The Jaipur Literary Festival is known to stir controversy. So is Ashis Nandy, often celebrated as India’s most arresting and provocative thinker. For well over three decades, Nandy has been in the business, shall we say, of unsettling received ideas, controverting the most established opinions, and deploying the tactics of a street fighter against institutionalized forms of knowledge. He scandalized many in India who view themselves as progressive when, in the mid-1980s, he published ‘An Anti-Secularist Manifesto’, though it is no exaggeration to say that the substance of his critique of secularism has now become part of the new commonsense of informed scholarship.
Appearing in this year’s edition of the Jaipur Literary Festival, one should have expected that Nandy would come up with one of his startlingly fresh insights –– more so when the discussion at a panel in which he was participating veered towards corruption, a matter which has greatly agitated the country, particularly its middle classes, since at least the time Anna Hazare launched his movement to deliver India from this menace. The fact that Anna Hazare, however well intentioned he might be, is nearly clueless, and that the popular movement which he initiated generated, in intellectual terms, little more than platitudes made Nandy’s remarks seem all the more radical and even incomprehensible.
Commencing his remarks with the critical observation that he was going to make a ‘vulgar statement’, Nandy added: ‘It is a fact that most of the corrupt come from the OBCs, the Scheduled Castes, and now increasingly the Scheduled Tribes. And as long as this is the case, the Indian Republic will survive.’ Not surprisingly, the first line alone has been replayed in the media over and over again. Nandy’s fellow panellist, the TV journalist Ashutosh, immediately pilloried him as a representative of ‘elitist India’, characterizing his remarks as ‘the most bizarre statement’ he had ever heard ‘in this country’. Mayawati has called for Nandy’s arrest, and a FIR has been lodged against him under the Schedules Castes and Scheduled Tribes (Prevention of Atrocities) Act. In Patna, members of organizations of SCs and STs marched from the High Court to Dak Bungalow Square, where they burnt an effigy of Nandy.
It is, of course, a feature of our times that attentive reading of texts and the work of interpretation are seen as luxuries that can be ill afforded when the country is thirsting for ‘change’, ‘fast’ track courts, and the speedy resolution of complex social issues. The dedicated do-good activist types, in particular, are generally without humour and find irony a hindrance to whatever noble cause they wish to espouse. Nandy had not spoken in a vacuum: preceding him as a speaker, Tehelka’s editor Tarun Tejpal had argued that ‘corruption’ should be recognized as a strategy by means of which the poor and the marginalized, operating in a hierarchical society with deeply encrusted forms of oppression, are able to enter into the public domain and do precisely what the upper castes have been doing for centuries, namely leveraging their power and privileges to advance their own interests. The most eminent sociologist of the previous generation, the late M. N. Srinivas, would perhaps not have balked at the suggestion that this might be viewed as a form of what he called ‘Sanskritization’, the emulation of the upper castes by lower castes on a trajectory of upward social mobility.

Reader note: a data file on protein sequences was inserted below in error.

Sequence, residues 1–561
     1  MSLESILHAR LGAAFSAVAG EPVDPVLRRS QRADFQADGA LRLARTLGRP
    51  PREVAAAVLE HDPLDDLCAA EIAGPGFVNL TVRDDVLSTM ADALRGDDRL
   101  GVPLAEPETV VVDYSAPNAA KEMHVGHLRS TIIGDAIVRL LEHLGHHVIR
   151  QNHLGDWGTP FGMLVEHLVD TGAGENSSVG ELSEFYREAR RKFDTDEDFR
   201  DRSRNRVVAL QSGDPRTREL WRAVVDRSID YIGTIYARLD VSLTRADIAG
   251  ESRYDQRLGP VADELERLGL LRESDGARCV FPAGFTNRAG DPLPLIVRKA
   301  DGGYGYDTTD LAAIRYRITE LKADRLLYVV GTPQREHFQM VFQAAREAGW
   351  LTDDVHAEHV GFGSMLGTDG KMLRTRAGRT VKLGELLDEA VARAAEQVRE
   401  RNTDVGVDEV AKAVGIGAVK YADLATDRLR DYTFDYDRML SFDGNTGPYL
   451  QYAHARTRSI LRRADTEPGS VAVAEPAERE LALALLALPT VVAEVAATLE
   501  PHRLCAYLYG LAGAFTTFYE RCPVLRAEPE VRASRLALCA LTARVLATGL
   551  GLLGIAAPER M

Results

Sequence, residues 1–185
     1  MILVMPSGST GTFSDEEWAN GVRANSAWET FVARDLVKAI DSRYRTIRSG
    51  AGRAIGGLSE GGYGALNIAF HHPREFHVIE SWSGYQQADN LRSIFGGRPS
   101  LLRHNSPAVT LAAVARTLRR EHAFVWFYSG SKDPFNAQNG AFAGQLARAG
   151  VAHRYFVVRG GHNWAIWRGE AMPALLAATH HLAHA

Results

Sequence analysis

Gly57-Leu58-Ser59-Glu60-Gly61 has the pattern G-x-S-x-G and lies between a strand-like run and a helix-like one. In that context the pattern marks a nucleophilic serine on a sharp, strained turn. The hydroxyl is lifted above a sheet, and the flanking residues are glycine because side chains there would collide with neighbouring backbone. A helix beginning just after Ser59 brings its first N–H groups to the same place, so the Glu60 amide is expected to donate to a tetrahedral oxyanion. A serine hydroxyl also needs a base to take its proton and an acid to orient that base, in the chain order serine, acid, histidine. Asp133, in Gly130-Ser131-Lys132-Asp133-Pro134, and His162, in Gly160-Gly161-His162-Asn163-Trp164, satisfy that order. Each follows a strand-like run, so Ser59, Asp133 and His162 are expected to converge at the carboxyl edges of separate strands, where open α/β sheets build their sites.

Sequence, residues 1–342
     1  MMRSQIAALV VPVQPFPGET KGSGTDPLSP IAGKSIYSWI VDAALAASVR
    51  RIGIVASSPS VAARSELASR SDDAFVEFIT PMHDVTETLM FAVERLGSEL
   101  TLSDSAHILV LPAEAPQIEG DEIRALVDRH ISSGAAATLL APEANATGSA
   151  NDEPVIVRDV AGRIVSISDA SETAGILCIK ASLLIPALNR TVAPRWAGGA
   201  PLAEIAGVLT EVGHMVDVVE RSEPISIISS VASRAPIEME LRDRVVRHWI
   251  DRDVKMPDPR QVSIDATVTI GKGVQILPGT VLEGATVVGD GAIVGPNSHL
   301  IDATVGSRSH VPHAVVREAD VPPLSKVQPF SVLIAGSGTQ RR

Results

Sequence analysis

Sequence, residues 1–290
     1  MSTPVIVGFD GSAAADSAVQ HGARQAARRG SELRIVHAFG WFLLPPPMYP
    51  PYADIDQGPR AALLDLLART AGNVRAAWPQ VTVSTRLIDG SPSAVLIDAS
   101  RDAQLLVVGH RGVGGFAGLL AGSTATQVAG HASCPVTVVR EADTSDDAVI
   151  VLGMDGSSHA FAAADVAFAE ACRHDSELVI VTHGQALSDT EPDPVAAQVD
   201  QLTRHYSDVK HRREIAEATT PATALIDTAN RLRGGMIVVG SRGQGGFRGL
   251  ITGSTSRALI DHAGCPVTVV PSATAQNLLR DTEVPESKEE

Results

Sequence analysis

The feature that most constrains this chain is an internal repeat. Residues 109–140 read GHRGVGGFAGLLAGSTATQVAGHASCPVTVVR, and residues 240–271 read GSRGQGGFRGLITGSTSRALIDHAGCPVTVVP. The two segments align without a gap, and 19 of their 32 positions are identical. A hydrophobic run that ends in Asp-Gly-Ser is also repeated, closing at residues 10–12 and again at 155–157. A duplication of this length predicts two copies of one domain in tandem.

It is these ideas with which Nandy was signifying his agreement, adding his own inimitable touch to the discussion. Scholars have long been familiar with debates about text vs. context, and critics of Nandy might reasonably argue that he should have known that his remarks would be, as is commonly said, ‘taken out of context’. Moreover, the most insistent Indian tradition of intellectual argumentation insists that one’s reasoning should anticipate, and account for, objections to one’s argument. But, to understand Nandy, we can even do without the context: not only was he showing self-reflexivity in prefacing his remarks with the observation that he was going to make a ‘vulgar statement’, he delivers a resounding defence of how the Dalits and the poor have mobilized electoral democracy with the suggestion that the resort to corruption by the OBCs, SCs, and STs ensures that ‘the Indian Republic will survive.’
We need not even enter into the other nuances of Nandy’s argument, such as the proposition that the corruption of the rich and powerful is largely invisible. Having lagged behind for generations, the poor and the deprived will certainly have to be ‘more’ corrupt if they are to make inroads into India’s political system. There are, however, more critical questions at stake here. How did we come to have such fragile sensibilities? What kind of intellectual culture do we seek? Should we be party to the epidemic of apologies that has swept the West and insist that Nandy take back everything he has said? Nandy’s fellow Bengali, the writer Nirad Chaudhuri, dedicated his autobiography to the memory of the British Empire in India since Pax Britannica shaped ‘all that was good and living within us’. Should we have insisted that Chaudhuri apologize to the nation for implicitly denigrating the nationalist movement?
To enter into Nandy’s works is to encounter a mind that is not only deeply thoughtful but also forever engaged with the suppleness and play of ideas. It is the ludic or playful element in Nandy’s work, which seldom leaves him satisfied with the certitudes of received intellectual opinion, that easily distinguishes him from his intellectual contemporaries. The tragedy of if it is that, judging from the shallow and profoundly unreflective response to Nandy’s provocations, we have moved from the ludic to the ludicrous.
Vinay Lal is a writer and professor of history at the University of California, Los Angeles (UCLA)